• Chloe - views the world thru a different lens. Rather than looking at everything as well-structured events like Rachel, she is more interested in how groups of those things overlap on key attributes. She is less interested in "how many" than in "what are the commonalities/differences" in a set of things. In addition she clearly recognizes that every thing isn't known about everything so is quite comfortable with uncertainty. These holes in the data create a sparse matrix that is often best handled by "column-oriented databases". Think highly variable data elements and GoogleBigTable or Hbase.
  • Kayla - looks at the onslaught of data and says "I can manage this if I spread it around across as many buckets as possible." Her goal is to preserve things as quickly as possible and to make sure they are retrieved upon request. She defers understanding and definition to others. In the purest sense "key-value pairs" make the data opaque by design, trading insight and thus latency for scale and availability. While excellent at writing information out her challenge is trying to organize and integrate data from several processes that all use the same term to mean different things. Think extreme write and access of user-supplied data and Apache Cassandra or Amazon Dynamo.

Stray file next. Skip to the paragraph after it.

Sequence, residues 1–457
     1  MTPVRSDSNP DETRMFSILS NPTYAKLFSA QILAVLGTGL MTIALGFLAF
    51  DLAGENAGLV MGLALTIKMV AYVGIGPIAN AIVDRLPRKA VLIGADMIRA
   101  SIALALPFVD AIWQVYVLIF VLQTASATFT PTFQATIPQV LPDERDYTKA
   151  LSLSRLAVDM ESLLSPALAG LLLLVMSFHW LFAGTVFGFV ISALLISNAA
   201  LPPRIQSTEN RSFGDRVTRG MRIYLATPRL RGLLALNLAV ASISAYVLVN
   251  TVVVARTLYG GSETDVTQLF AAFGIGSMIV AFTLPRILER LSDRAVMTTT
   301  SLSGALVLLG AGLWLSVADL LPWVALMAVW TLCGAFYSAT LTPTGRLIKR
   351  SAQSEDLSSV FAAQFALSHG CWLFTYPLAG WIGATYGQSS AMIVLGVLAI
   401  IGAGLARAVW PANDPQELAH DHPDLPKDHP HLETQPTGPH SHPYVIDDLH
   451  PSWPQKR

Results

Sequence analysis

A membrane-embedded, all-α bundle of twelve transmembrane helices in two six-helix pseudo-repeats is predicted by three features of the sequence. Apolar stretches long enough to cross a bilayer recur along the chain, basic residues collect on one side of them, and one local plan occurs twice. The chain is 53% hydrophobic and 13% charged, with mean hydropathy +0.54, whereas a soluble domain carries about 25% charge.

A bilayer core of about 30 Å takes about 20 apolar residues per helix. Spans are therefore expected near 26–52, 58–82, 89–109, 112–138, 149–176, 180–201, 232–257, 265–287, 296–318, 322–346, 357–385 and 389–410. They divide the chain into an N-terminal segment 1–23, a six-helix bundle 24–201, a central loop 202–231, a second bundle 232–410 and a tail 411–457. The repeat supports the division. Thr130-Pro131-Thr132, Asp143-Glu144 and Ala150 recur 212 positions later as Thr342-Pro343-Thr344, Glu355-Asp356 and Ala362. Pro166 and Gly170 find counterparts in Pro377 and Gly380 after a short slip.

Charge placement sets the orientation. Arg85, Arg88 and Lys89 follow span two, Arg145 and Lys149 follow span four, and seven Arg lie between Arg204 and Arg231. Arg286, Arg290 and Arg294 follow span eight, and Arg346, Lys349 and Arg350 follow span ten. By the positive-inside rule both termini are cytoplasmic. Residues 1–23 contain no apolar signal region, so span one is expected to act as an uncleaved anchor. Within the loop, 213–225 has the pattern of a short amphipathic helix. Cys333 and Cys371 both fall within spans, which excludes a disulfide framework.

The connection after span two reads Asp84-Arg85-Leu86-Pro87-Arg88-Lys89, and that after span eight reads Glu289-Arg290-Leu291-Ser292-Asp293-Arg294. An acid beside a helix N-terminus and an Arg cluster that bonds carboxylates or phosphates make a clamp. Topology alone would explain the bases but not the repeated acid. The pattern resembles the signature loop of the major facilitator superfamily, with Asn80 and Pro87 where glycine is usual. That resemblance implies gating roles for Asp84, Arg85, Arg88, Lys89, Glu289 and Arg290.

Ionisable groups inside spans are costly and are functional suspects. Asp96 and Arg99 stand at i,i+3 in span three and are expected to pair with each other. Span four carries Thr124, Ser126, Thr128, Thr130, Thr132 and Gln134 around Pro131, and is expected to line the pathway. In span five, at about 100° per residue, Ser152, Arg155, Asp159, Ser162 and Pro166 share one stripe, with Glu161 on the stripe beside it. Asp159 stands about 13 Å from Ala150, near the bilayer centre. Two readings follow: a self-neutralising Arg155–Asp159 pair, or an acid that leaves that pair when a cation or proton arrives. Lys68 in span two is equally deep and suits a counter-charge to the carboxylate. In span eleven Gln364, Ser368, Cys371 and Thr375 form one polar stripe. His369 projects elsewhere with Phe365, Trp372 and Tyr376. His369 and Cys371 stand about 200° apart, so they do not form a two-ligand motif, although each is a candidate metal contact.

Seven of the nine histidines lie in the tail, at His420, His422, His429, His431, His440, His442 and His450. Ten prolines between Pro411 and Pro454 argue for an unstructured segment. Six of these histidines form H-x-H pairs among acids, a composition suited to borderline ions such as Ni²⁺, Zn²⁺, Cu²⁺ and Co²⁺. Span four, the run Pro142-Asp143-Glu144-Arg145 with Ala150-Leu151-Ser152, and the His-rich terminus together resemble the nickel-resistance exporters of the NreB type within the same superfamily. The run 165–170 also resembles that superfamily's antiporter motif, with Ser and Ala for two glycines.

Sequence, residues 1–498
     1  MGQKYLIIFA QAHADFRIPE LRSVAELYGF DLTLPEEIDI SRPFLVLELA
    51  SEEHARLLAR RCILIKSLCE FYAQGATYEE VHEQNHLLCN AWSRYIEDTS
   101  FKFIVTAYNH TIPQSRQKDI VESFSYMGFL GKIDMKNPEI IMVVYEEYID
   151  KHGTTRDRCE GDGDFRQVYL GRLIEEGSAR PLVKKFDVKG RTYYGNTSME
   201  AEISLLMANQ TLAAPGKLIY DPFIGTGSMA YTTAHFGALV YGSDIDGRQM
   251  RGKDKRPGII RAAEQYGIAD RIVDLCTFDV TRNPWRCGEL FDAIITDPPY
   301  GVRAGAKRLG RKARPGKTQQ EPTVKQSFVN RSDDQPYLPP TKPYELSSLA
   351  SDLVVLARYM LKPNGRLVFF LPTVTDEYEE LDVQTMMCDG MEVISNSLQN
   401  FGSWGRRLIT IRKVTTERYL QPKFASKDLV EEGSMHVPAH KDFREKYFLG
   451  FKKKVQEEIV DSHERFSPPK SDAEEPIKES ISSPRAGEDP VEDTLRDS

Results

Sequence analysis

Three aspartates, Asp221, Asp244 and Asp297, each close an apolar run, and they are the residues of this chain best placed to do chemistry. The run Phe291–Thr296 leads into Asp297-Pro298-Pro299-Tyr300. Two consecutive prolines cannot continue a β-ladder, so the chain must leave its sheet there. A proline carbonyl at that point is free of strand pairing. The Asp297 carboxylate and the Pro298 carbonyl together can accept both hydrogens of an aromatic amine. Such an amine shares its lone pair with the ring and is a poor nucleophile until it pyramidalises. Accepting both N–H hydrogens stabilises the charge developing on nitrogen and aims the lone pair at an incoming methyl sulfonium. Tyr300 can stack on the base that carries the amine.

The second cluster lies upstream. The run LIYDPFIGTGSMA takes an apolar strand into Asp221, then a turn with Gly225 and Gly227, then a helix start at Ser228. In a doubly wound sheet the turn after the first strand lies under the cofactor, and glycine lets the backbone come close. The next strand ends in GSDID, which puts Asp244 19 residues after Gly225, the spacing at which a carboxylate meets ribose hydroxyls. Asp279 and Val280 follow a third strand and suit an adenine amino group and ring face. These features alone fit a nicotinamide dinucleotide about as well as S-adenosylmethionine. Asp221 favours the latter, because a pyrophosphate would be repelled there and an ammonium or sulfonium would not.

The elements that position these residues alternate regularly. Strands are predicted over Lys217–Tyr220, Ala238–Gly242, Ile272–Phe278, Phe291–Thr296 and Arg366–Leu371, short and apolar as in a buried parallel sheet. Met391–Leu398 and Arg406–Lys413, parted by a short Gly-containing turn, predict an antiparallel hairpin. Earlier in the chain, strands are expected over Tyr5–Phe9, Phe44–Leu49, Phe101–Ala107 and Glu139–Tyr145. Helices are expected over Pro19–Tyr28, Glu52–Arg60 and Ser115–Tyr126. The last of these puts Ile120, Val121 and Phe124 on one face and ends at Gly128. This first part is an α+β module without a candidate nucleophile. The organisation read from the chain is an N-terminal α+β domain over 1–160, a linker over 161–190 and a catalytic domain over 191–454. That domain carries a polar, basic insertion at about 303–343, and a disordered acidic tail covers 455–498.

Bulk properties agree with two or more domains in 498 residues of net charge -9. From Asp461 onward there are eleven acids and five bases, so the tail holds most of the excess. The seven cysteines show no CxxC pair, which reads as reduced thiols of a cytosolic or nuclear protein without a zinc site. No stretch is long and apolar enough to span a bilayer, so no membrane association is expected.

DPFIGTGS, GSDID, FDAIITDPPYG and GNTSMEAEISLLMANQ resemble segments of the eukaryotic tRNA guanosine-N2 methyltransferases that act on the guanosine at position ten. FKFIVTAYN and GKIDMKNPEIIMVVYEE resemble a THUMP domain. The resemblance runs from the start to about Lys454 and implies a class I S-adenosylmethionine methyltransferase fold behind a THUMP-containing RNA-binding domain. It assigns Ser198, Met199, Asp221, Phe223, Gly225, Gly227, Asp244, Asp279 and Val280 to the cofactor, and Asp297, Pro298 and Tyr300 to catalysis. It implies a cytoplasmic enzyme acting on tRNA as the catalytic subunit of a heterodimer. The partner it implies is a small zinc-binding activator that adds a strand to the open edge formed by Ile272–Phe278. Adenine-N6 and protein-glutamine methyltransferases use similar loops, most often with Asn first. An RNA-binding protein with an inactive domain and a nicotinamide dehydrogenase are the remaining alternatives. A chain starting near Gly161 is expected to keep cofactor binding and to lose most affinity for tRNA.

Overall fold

• Danielle - has probably the most unstructured view of the world "everything is a chunk of stuff and tags". Success then is dependent on the completeness and accuracy of the descriptors assigned to a chunk since searching its entire contents can be costly. The unstructured view applies to connectedness as well as content. In the "document store" world there are few relationships between the chunks beyond the tags. Consider posts tagged with #BigData - the hashtag is the only commonality. There are no implicit relationships beyond that fact. Think content management with mongoDB or CouchDB.
  • Grace - is the most social and believes relationships are everything. She thrives in scenarios where the existence or nature of a connection matters more than what is connected. This focus makes it very easy to extend the universe in new ways as new things happen or new actors emerge. Grace exists as "graph databases" that have been around for a while, but most noticeably in social networking and social sciences. Think recommendations, communities of interest and Horton or Neo4J.
Which persona we adopt depends a lot on what we want to accomplish. And it is quite possible we'll end deploying more than one solution in our quest to "do Big Data."